Alberto Tondello

Marie Sklodowska-Curie Postdoctoral Fellow (UKRI Funded)

Contact details



Room 3.02
21 Buccleuch Place

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Originally from Italy, Alberto moved to London in 2011 to study English Literature at Queen Mary University of London. He received his MA from the University of Oxford in 2014 and his PhD from University College London in 2021. Alberto joined the department in 2024 as a Marie Sklodowska-Curie Postdoctoral Fellow (UKRI Funded) with a project titled 'Inhospitable Modernism: The Ecological Value of Modernist Alienation'. His research interests include modernist literature, literary theory, and ecocriticism.


PhD, English Literature, University College London (2021)

MA, Modern Languages, University of Oxford (2014)

BA, English Literature, Queen Mary University of London (2013)

Research summary

Alberto's main research interest include modernist literature, literary theory, and the environmental humanities. 

His PhD research focused on inanimate matter in James Joyce's fiction. As it considered Joyce's oeuvre through the lens of new materialist and ecocritical theories, his project argued that material entities - parsed under the categories of symbols, banal objects, waste, and the substance of art - are essential in Joyce's articulation of aesthetic ideas, theories of perception, and practices of representation. 

His current project analyses the depiction of inhospitable environments in the works of James Joyce, Jean Rhys, Nella Larsen, and Djuna Barnes. At the intersection of literary modernism, literary theory, philosophy, and the environmental humanities, his research links modernist alienation with the concept of inhospitality as both social exclusion and environmental hostility. The project claims that literary modernism's unique archive of feelings (i.e. frustration, disaffection, hesitation...) is essential in uncovering the estrangement of certain categories of individuals from social contexts and broader environments.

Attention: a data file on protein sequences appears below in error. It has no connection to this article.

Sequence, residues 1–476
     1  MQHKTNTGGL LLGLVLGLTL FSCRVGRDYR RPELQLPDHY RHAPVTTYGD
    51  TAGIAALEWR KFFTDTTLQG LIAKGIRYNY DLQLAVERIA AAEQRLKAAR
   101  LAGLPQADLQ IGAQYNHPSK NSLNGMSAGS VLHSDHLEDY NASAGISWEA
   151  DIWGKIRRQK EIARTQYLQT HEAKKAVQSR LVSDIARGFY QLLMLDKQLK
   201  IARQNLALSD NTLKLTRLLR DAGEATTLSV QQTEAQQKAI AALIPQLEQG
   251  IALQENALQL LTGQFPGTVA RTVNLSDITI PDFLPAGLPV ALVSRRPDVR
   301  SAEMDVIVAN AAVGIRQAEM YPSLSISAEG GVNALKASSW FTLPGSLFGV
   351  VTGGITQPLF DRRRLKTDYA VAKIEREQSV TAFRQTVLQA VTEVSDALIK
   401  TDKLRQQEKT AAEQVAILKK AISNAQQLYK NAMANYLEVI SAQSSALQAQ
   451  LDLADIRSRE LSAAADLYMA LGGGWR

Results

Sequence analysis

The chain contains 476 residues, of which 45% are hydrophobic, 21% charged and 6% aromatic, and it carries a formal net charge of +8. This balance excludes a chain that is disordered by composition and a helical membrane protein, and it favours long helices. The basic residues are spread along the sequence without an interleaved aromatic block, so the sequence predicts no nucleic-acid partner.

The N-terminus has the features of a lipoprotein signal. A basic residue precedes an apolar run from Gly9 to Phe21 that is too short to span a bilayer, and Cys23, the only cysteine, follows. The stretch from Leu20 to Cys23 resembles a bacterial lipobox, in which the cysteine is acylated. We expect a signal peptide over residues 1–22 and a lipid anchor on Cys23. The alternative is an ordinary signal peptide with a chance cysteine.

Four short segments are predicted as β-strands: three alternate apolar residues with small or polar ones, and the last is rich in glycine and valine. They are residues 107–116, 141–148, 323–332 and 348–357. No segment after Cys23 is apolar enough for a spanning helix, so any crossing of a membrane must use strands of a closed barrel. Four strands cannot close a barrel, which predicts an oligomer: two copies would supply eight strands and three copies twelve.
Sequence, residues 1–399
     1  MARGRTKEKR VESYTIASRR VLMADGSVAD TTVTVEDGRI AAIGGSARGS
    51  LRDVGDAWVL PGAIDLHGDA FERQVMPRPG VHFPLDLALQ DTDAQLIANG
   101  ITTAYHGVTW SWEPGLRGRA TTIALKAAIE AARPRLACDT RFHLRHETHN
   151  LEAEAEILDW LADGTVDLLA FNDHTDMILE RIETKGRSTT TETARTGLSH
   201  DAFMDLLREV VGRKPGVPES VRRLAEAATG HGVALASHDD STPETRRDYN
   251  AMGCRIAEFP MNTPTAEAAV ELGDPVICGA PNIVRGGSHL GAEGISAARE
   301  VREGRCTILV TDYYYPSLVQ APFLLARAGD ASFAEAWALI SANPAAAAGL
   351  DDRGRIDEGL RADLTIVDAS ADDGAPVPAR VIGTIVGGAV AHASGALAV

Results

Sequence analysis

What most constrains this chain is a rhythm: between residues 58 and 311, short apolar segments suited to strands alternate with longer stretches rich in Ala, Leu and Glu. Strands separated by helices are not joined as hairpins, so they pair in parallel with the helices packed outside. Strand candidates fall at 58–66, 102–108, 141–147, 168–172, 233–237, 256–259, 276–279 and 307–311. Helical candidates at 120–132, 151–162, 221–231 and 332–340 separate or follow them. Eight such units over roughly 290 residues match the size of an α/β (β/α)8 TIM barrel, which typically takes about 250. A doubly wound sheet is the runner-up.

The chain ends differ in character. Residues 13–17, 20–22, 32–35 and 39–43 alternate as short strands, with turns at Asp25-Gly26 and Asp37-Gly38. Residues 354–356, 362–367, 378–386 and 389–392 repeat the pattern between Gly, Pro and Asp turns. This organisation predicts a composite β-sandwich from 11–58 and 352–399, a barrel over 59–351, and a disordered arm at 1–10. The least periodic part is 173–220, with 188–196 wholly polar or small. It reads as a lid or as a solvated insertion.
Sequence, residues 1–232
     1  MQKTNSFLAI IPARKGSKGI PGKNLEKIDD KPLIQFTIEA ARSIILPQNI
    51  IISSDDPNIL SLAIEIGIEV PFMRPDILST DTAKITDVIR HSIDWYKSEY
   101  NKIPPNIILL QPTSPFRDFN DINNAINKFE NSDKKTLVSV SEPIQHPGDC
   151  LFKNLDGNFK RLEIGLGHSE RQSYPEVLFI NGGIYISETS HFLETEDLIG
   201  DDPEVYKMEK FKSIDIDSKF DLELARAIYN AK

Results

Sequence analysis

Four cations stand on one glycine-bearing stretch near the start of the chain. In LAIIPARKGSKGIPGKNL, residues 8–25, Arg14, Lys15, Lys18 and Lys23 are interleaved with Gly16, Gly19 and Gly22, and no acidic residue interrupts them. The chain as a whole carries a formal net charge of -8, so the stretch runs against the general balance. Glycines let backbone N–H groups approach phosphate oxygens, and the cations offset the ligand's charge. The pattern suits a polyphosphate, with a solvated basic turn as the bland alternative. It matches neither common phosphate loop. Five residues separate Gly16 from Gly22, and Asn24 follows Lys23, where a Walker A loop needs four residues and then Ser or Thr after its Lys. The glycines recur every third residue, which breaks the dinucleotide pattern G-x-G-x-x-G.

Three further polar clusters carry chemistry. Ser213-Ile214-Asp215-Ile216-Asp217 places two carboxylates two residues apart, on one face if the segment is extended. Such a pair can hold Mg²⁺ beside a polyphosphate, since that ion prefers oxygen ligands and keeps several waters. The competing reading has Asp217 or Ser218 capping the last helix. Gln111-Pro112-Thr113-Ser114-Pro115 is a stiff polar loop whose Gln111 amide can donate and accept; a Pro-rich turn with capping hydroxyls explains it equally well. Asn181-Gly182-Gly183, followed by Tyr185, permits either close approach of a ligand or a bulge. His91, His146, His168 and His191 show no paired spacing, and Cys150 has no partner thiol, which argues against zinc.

Current project grants

Marie Sklodowska-Curie Postdoctoral Fellowship (UKRI Funded)

Past project grants

London Arts and Humanities Partnerships (LAHP) PhD Studentship

Invited speaker

Guest Lecture: “Facing Waste in Literary Studies: Encounters with useless objects in Virginia Woolf’s ‘Solid Objects’ and Franz Kafka’s ‘The Cares of a Family Man’”, University of Bern, November 2023.

Guest Lecture: “Affective Hospitality in James Joyce’s ‘The Dead’”, James Joyce Dublin Summer School, July 2023.

Guest Lecture: “‘Proteus’ and the Hybridity of Decaying Matter”, University of Geneva, December 2021.


“Ecological (In)Hospitality in the 20th and 21st century”. Seminar at the American Comparative Literature Association (ACLA) Annual Meeting. Montreal, 14-17 March 2024.

“Synaesthesia”. Annual UCL English Graduate Conference, London, 14 June 2019.


“Logic and Modern Literature”. University of Lausanne, 14-15 September 2023. 

“Transmission(s)”. 62nd Congrès de la SAES, Rennes Université, 1-3 June 2023.

“Making Modernism”. Modernist Studies Association Annual Conference, Portland, 27-30 October 2022.

“Care”. NeMLA 53rd Convention, Baltimore, 10-13 March 2022.

“Omniscientific Joyce”. XXVII International James Joyce Symposium, Trieste University/Online, 14- 18 June 2021.

“Beckett & Italy. ‘Old Chestnuts’ New Occasions”. Samuel Beckett Society Conference, Sapienza Università di Roma/Online, 24-26 May 2021.

“Language and Languages in Joyce’s Fiction”, XII Italian James Joyce Foundation Conference, Roma Tre University, 31 January-2 February 2019. 

“The Art of James Joyce”, XXVI International James Joyce Symposium, Antwerp University, 11-16 June 2018.

Papers delivered

“The Deviant Logic of the clinamen in Italo Calvino’s Invisible Cities”.

“Djuna Barnes’s Contagious Transmissions”.

“Temporal Oddities and Spatial Enmeshment in Djuna Barnes’s Nightwood”.

“Resilience as Coping Mechanism and Critique in Djuna Barnes’s Nightwood”.

“The Artistic Science of ‘Ithaca’: Latourian Networks in Ulysses”.

“Weakness and pietas in Gianni Vattimo’s weak thought and Samuel Beckett’s ‘Dante and the Lobster’”.

“Material Language and Situated Cognition in James Joyce’s A Portrait of the Artist as a Young Man”.

“James Joyce and the Epiphanic Inscription”.